BA .309 OBP .454 SLG .465 OPS .919 BAbip .359 tOPS+ 119

    Really outstanding numbers for Kruk, and they would be even better if they were just his stats with the Phils. He’s got game, and he raises it significantly in this situation. Kruk’s average is better than Schmidt’s, as you’d expect, but Schmidt outslugs him (by a lot), as I’d expect.

    Still, I’d argue Schmidt is better. His at bat per home run ratio is 16.3, Kruk’s is 34.7, so Schmidt is going yard more than twice as often. His at bat per RBI ratio is also better, 2.7 to Kruk’s 2.5, so a bit more productive there, too. Schmidt’s performance is also spread over a career that encompasses more than twice as many at bats as Kruk. I think it’s pretty unlikely that Kruk could maintain his numbers over a career as long as Schmidt’s, so they’d drop off as his skills eroded, which they would have given his lack of fitness. In the end, Kruk’s more likely to get on base, Schmidt’s more likely to drive a man in. Which do you want in this situation?

    Remember, Jim’s. No onions.

     
  • Posts: 0 jhs

    On Alex vs. Carlton and longevity:

    Sandy Koufax (165-87, 131 ERA+) pitched 2324.3 innings for the Dodgers; Grover Cleveland Alexander (190-91, 140 ERA+ with Phils) pitched 2513.7 innings for the Phils. I don’t think that Dodgers fans would seriously argue that, say, Don Sutton (233-181, 3816.3 IP), was a greater pitcher than Koufax simply because he won more games/pitched more innings (about 1500 more), etc., than Koufax. Likewise, while Carlton certainly had a great career with the Phils, his numbers simply pale in comparison to Alex’s numbers. Example? In 1915-1917, Alex went 94-35, with an ERA+ around 182 and a win% around .729 – numbers pretty much identical to Carlton’s 1972 season. Except that Alex did it for three consecutive seasons, and 1100+ IP, and Carlton did it once, for about 345 innings (and was basically a league-average pitcher in 1971 and 1973 overall, according to ERA+). Alex AVERAGED 28+ wins per season during his Phils career! Alex threw 36 CG shutouts between in 1915-1917, only 3 fewer than Lefty threw for his entire career with the Phils.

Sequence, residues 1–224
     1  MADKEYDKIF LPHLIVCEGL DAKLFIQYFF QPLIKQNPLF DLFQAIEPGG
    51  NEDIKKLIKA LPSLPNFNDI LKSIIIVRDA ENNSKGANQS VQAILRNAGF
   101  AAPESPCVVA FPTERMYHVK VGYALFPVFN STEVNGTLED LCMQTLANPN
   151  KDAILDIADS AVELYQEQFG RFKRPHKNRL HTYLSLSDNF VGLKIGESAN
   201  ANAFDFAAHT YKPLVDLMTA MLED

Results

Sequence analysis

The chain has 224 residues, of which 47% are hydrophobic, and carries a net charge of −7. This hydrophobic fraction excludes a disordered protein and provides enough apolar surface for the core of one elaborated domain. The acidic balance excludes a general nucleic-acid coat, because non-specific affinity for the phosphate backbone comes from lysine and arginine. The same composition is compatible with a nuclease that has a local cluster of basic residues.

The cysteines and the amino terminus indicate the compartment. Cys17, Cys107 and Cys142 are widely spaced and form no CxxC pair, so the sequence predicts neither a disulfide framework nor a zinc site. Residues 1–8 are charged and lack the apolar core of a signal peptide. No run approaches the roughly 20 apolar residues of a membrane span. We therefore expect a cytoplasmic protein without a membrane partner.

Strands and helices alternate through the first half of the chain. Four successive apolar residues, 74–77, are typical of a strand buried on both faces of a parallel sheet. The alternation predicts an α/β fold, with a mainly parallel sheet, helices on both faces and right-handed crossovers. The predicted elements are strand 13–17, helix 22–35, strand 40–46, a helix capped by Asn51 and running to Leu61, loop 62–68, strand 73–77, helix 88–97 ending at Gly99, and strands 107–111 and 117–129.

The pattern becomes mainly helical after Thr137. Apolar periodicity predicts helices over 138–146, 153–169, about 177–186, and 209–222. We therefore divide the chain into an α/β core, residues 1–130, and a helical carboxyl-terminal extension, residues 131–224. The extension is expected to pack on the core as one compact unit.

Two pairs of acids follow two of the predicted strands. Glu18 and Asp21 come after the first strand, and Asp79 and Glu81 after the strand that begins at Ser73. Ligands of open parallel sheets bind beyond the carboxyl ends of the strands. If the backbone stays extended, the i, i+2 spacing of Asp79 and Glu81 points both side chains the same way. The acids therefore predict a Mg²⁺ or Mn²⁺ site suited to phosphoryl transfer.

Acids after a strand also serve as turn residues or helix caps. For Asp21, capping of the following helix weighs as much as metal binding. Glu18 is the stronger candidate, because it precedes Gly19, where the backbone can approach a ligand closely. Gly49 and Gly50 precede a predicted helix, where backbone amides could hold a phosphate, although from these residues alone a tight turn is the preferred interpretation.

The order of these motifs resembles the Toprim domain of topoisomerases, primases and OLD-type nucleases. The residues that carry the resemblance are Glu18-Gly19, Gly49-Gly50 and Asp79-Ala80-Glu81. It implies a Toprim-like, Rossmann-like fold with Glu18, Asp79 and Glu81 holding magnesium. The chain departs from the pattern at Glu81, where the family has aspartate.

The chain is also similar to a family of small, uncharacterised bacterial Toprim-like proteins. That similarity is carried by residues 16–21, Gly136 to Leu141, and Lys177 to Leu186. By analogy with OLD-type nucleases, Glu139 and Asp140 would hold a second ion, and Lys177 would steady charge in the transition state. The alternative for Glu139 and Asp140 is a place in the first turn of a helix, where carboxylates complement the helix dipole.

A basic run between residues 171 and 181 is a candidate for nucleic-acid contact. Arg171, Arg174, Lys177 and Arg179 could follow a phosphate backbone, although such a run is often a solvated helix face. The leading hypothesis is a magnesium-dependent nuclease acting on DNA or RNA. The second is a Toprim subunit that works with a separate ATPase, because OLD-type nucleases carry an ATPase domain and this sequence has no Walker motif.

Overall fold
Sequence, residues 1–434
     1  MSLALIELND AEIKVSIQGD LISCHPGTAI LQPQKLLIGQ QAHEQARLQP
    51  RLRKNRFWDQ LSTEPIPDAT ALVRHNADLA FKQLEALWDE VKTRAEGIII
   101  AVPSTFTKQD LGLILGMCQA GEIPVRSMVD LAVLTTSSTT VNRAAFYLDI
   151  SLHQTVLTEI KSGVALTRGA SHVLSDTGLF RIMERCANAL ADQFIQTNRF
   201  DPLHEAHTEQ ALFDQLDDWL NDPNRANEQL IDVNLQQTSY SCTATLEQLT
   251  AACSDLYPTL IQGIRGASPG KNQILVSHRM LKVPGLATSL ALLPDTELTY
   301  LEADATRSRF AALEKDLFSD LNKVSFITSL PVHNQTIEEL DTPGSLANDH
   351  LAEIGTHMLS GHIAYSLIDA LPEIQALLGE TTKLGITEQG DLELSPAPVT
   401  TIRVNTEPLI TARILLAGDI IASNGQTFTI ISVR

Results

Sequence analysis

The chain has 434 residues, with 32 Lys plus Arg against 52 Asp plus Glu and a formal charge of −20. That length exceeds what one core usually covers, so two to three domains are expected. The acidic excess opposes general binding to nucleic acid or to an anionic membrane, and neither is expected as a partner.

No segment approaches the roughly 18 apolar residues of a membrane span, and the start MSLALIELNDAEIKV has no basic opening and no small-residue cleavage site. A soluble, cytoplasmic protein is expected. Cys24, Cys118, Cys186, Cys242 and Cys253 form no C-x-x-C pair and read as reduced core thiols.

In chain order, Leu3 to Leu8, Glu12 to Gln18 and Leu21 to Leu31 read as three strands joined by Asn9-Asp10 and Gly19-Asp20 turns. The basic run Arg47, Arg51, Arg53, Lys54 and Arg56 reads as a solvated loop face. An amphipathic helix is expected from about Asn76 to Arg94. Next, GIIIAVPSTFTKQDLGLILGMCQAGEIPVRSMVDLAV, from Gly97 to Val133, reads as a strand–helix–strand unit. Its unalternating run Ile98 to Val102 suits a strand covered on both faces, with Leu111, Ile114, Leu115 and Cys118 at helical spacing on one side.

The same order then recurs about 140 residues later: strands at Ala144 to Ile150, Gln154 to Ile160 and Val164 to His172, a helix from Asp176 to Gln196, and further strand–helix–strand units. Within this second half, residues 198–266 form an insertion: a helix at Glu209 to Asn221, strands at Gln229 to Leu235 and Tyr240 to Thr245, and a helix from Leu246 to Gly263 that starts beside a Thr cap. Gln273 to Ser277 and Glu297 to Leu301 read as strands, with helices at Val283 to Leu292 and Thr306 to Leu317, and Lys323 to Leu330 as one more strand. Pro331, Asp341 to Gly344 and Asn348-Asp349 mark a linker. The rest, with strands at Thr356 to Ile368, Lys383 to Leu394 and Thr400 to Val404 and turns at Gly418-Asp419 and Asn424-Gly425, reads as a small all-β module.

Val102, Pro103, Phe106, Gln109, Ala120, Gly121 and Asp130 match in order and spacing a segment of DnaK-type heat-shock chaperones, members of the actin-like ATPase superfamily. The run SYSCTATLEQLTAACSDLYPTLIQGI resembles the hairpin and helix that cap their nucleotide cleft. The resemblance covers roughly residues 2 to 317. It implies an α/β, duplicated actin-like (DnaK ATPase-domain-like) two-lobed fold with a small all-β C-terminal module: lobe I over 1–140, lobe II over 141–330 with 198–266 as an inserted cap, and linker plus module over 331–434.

• Posts: 0 jhs

    Couple corrections to my last post: Alex averaged 27+ wins per season, and the Sutton numbers are for his career with the Dodgers only.

     
  • Posts: 0 James Kay

    @ Ed R.
    Your posts are energetic. You have persuaded me to give more attention to the quantification of “Clutch”.

    @ Fans of the 1964 team
    I posted a story about the base running of Roy Sievers in the Sherry Magee thread. He was thrown out trying for an inside the park home run against the Reds & Joe Nuxhall in Connie Mack in the bottom of the 6th on 5/10/1964. The legend is he collapsed from exhaustion between third and home. Baseball-Reference is wonderful.

     
  • Posts: 0 Phil

    Hey look, people into SABRmetrics. I’m just getting into this stuff and it is fascinating.

     
  • Posts: 0 J-Mills

    I rank Klein’s 1930 season as the 4th best offensive season ever. 250 hits, 158 runs, 59 doubles, 40 homeruns, 170 rbis, .386 ave. and an unbelievable 445 toal bases. I had him no. 6 on my list. There is no way Dick Allen should be ahead of Chuck! I asked Bill Conlin about Klein and why his career when down so fast and he said Klein became an alcoholic while he was playing. Conlin also said the phillies got rid of him because of finances.

     
  • Posts: 0 Stobbs

    great post, thanks for providing so much. Keep up the good posts.! http://www.hoover-f5914900.com

     
  • Posts: 0 Phil

    How did Bo Diaz not make it

     
  • Posts: 0 twitter

    Cool Site, thanks for the info!!